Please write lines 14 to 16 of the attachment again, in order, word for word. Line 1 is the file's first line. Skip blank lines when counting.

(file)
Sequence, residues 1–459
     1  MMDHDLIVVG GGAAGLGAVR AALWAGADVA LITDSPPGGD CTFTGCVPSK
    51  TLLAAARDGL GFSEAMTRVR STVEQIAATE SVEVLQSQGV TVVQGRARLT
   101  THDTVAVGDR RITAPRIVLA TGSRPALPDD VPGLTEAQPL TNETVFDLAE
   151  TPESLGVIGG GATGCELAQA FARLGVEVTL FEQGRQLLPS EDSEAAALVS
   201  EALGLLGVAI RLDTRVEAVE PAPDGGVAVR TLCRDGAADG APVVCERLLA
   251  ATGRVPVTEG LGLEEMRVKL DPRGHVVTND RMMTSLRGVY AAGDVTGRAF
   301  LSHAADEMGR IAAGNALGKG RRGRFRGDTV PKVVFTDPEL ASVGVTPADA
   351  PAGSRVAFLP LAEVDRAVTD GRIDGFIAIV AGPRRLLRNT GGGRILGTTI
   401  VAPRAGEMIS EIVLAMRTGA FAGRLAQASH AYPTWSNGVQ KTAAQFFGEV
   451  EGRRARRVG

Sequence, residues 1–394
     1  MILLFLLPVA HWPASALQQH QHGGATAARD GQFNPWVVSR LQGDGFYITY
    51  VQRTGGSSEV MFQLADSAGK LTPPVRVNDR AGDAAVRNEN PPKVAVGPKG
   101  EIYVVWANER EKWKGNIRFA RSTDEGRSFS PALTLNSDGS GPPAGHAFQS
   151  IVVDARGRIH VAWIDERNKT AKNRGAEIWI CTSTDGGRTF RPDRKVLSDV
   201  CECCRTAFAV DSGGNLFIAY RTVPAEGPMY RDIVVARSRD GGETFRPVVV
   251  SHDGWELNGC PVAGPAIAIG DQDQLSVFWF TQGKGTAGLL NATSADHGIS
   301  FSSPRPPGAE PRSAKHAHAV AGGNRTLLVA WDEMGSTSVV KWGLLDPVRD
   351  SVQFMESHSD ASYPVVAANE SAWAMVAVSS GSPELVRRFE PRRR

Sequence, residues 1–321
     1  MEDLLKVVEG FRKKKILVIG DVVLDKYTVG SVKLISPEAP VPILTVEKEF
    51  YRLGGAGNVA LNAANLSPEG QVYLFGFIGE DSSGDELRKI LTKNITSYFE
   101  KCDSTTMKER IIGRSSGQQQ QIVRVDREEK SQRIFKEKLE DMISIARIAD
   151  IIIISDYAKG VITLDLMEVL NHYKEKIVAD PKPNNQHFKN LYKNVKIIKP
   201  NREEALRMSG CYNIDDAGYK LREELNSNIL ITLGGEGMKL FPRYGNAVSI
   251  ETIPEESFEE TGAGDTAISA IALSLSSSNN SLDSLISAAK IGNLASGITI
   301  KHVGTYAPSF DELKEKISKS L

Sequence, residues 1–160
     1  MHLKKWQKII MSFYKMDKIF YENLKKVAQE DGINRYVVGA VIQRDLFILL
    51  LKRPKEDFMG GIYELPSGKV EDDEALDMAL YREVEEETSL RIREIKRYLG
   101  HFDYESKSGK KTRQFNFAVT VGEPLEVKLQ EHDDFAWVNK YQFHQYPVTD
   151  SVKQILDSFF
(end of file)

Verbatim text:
    51  VQRTGGSSEV MFQLADSAGK LTPPVRVNDR AGDAAVRNEN PPKVAVGPKG
   101  EIYVVWANER EKWKGNIRFA RSTDEGRSFS PALTLNSDGS GPPAGHAFQS
   151  IVVDARGRIH VAWIDERNKT AKNRGAEIWI CTSTDGGRTF RPDRKVLSDV